For Downtown United Presbyterian Church, the situation was fairly straightforward. The Rochester, New York congregation was looking for a co-pastor, and members felt Rev. Jane Adams Spahr was the most qualified candidate.
The case has become anything but simple. Conservatives in Downtown Church's presbytery filed a complaint against the validity of Spahr's call to the pulpit, claiming that her sexuality - she openly acknowledges that she is in a committed relationship with another woman - prevents her from serving as a pastor.
Even on the narrow grounds of Presbyterian church law, Spahr's case is far from open and shut. Last summer the Presbyterian Church (U.S.A.) failed to accept a report on human sexuality that called for, among other things, the ordination of gays and lesbians. And a 1978 church policy expressly prohibits ordaining homosexuals. But when the policy was passed, a clause was added to explicitly forbid the use of the regulation "to affect negatively the ordination rights" of those ordained before 1978. Spahr became a minister in 1974.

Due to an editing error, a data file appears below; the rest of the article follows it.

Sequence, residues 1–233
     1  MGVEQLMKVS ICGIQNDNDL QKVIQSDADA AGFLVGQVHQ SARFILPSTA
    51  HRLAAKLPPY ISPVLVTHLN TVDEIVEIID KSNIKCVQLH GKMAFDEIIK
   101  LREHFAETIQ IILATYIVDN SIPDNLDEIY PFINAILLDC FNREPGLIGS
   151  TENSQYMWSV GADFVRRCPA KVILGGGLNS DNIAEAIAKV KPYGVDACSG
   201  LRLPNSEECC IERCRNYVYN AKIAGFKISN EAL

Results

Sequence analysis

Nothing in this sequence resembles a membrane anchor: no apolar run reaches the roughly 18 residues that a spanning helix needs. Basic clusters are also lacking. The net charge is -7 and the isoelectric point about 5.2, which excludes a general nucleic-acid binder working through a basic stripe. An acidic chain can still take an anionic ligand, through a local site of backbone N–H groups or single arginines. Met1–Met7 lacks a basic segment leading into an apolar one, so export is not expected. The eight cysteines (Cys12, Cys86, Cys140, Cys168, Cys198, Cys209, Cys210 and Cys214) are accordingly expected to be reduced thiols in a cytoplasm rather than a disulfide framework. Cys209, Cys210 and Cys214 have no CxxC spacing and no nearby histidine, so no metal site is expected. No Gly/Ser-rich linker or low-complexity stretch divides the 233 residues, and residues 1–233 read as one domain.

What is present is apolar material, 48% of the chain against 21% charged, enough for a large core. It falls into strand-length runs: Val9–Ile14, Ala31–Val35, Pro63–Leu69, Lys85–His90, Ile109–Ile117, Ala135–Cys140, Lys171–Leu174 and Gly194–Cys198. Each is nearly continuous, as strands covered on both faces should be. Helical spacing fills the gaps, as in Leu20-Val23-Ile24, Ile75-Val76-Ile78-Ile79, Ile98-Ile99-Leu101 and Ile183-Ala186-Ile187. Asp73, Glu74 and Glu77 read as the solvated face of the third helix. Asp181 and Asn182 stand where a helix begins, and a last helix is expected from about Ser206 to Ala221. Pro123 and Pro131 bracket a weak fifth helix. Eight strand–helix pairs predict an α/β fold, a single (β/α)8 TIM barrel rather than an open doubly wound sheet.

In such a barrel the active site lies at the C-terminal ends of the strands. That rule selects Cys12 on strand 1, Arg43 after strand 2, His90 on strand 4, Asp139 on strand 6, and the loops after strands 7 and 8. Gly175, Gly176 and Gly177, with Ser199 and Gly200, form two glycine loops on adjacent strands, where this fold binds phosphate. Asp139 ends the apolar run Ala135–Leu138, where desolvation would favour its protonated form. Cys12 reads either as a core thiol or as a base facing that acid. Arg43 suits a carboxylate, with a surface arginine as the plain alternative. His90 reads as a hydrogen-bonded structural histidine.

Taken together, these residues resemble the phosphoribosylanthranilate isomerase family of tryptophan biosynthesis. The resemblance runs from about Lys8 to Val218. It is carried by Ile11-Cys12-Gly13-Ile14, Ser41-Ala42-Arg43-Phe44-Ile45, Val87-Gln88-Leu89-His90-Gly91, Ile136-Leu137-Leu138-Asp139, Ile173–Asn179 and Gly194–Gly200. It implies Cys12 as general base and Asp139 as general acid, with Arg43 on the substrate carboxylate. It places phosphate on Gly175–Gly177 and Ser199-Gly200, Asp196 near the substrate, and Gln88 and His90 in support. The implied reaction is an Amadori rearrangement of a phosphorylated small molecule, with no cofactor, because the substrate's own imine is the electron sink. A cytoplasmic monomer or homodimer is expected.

Regardless of the result of Spahr's May 19 hearing, her case - and the issue of the role of homosexuals in the church - will likely reverberate through the denomination for some time to come; the expected appeal process could take as long as a year. In addition, this summer's general assembly will consider a proposal to discipline "More Light" congregations that have come out in support of gay and lesbian people, an overture to altogether ban homosexuals from the church, and a report from the denomination's theology and worship committee on how the Presbyterian church should proceed on the issue of sexuality.